The 1990s were dark days for the British Film industry. Yes, films were being made. Yes, excellent films were being made : Reputations were formed, new territory was broken and new talent was uncovered. But all of this was going on despite a frankly bizarre obsession with what can only be called ‘geezer films’ : These were cheaply produced and heavily hyped crime dramas littered with cockney accents and pointless violence intended to replicate Guy Ritchie’s success at cashing in on the rediscovery of the crime film in the wake of the rise of Quentin Tarantino. At its best, the genre produced films like Paul McGuigan’s Gangster No. 1 (2000) and Mike Hodges’ Croupier (1997). Intelligent and psychological films that harkened back to classic British crime films of yore such as John MacKenzie’s The Long Good Friday (1980) and Mike Hodges’ Get Carter (1971). At its worst, the genre gave us sweary, lairy films like Edward Thomas’ Rancid Aluminium (2000) and Kevin Allen’s Twin Town (1997). Right smack bang in the middle of these two trends was Jonathan Glazer’s Sexy Beast (2000). Sexy Beast is a film that attempts to explore the psychology of an old lag forced out of retirement by a criminal fraternity that sees him as little more than a skill-set. It is also a film that found an audience thanks largely to its more accessible aspects such as Ben Kingsley swearing and Ray Winstone making a fool of himself in a tiny pair of red speedos. 44 Inch Chest marks the return of some of the creative talent behind Sexy Beast — most notably Ray Winstone and Ian McShane who practically reprise their roles from Sexy Beast — in a script penned by the same writing team of Louis Mellis and David Scinto. The result is a film that shares all of Sexy Beast’s theatrical intensity and sculptured vulgarity but adds to it a psychologically fractured intelligence brought to bear on a single question : What would you do to the man who fucked your wife?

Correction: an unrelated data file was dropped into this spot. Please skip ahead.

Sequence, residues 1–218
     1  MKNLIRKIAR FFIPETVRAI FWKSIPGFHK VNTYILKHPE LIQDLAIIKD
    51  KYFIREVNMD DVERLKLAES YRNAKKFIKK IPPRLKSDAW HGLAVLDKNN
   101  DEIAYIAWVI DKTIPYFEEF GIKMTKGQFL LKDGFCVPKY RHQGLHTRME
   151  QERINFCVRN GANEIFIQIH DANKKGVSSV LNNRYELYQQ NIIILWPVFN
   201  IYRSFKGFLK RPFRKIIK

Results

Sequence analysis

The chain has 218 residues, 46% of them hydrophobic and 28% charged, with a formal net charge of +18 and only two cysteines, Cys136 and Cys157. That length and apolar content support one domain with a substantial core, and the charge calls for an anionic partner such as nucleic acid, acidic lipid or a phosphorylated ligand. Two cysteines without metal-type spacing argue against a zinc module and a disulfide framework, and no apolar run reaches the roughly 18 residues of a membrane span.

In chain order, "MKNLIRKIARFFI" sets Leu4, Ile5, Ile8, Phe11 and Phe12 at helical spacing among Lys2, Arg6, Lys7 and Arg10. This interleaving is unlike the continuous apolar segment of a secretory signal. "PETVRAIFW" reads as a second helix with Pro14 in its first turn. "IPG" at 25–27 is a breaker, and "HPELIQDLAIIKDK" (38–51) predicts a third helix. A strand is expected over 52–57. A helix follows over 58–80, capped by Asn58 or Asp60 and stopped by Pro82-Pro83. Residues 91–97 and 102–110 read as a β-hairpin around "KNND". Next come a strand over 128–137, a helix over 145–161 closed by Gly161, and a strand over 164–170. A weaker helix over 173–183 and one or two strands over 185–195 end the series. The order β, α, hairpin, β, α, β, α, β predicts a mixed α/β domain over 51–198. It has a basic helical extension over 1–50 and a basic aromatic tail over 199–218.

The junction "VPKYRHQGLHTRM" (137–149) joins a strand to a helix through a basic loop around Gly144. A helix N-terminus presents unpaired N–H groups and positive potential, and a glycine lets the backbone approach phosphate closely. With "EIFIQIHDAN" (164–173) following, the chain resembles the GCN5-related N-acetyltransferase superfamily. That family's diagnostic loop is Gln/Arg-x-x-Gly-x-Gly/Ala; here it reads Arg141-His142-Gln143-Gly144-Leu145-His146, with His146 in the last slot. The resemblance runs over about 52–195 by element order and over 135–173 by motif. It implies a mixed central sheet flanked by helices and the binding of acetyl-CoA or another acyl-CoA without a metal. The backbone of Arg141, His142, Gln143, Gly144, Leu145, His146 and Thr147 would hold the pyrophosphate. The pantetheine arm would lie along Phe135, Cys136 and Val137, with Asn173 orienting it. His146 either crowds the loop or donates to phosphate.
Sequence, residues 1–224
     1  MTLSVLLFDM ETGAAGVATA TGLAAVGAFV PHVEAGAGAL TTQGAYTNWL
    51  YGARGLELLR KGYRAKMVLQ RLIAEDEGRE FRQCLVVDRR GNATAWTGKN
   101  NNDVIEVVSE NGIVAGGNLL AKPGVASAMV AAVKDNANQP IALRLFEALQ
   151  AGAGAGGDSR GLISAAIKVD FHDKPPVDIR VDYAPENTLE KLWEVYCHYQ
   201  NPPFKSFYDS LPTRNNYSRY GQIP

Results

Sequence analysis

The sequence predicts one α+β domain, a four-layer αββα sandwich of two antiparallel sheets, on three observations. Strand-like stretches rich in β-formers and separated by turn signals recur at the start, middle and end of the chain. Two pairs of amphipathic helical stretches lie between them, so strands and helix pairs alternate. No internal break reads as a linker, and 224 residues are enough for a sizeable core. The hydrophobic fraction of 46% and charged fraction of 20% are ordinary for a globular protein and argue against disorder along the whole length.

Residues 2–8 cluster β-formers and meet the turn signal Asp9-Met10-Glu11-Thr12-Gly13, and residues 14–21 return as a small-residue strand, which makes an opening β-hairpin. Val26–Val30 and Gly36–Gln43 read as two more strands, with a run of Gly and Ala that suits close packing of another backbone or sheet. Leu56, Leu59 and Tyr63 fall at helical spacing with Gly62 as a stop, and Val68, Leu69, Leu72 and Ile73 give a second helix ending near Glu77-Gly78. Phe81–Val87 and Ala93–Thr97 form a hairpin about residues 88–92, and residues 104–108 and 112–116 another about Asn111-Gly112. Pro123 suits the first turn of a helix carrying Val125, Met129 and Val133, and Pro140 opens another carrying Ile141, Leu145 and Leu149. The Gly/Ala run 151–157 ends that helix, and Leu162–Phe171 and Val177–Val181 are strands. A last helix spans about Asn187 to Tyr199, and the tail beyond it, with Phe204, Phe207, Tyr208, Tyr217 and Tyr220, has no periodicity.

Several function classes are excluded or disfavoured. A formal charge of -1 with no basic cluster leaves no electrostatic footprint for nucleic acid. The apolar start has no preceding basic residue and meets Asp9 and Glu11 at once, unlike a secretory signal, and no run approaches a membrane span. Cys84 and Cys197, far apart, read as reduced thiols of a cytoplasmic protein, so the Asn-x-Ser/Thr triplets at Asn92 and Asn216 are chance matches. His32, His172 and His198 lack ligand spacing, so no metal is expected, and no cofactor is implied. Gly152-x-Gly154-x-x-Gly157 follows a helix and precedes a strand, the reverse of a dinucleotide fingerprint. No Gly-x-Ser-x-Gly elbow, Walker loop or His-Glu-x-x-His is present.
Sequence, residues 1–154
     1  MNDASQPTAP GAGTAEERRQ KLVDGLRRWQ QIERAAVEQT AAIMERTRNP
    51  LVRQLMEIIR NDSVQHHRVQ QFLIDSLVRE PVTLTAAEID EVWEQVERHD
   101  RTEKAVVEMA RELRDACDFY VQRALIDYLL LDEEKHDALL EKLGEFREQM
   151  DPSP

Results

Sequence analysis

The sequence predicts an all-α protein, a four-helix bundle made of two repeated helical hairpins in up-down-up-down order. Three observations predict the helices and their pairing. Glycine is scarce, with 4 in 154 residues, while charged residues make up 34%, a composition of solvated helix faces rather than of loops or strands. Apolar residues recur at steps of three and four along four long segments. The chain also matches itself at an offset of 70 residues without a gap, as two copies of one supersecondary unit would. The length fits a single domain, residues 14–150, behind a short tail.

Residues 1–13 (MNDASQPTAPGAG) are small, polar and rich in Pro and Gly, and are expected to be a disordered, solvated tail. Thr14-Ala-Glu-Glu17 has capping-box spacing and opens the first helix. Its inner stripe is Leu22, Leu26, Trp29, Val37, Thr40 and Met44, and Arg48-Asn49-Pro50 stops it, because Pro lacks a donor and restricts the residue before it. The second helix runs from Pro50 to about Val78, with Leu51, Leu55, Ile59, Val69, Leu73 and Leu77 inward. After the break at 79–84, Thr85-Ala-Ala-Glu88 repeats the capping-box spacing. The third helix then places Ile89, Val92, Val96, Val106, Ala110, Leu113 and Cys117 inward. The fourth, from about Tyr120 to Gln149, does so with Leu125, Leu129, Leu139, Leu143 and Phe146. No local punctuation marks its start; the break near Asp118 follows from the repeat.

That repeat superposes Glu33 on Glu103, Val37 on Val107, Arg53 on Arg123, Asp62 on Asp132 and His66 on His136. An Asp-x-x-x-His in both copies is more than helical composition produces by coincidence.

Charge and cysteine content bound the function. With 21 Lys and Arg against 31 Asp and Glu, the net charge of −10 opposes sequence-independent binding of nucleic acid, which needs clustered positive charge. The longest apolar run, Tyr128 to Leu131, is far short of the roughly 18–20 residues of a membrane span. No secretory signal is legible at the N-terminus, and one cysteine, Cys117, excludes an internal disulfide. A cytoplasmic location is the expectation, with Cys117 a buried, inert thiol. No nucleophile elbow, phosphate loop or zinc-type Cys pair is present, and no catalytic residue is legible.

Colin Diamond (Winstone) is a nice guy. He lives in the suburbs, he has plenty of friends and he has a beautiful wife named Liz (Joanne Walley). One day, he comes home and he finds Liz in the kitchen. She is stand-offish. He knows something is wrong. She tells him that she has met someone else. Colin does not deal with this revelation particularly well. He responds by beating his wife to a pulp and then getting his friends, a bunch of ageing criminals, to kidnap the young French waiter that Liz slept with and drag him to a boarded up building where they can decide what terrible vengeance to wreak upon the adulterous toe-rag. The film deals with Colin’s attempts to reach a decision as he slowly pulls himself together. Colin’s drunk and emotional state means that, initially at least, he takes a back seat to proceedings. This allows his friends to dominate the foreground of the film, their beautifully drawn personalities playfully bouncing off each other as they discuss what it would they would do in Colin’s position.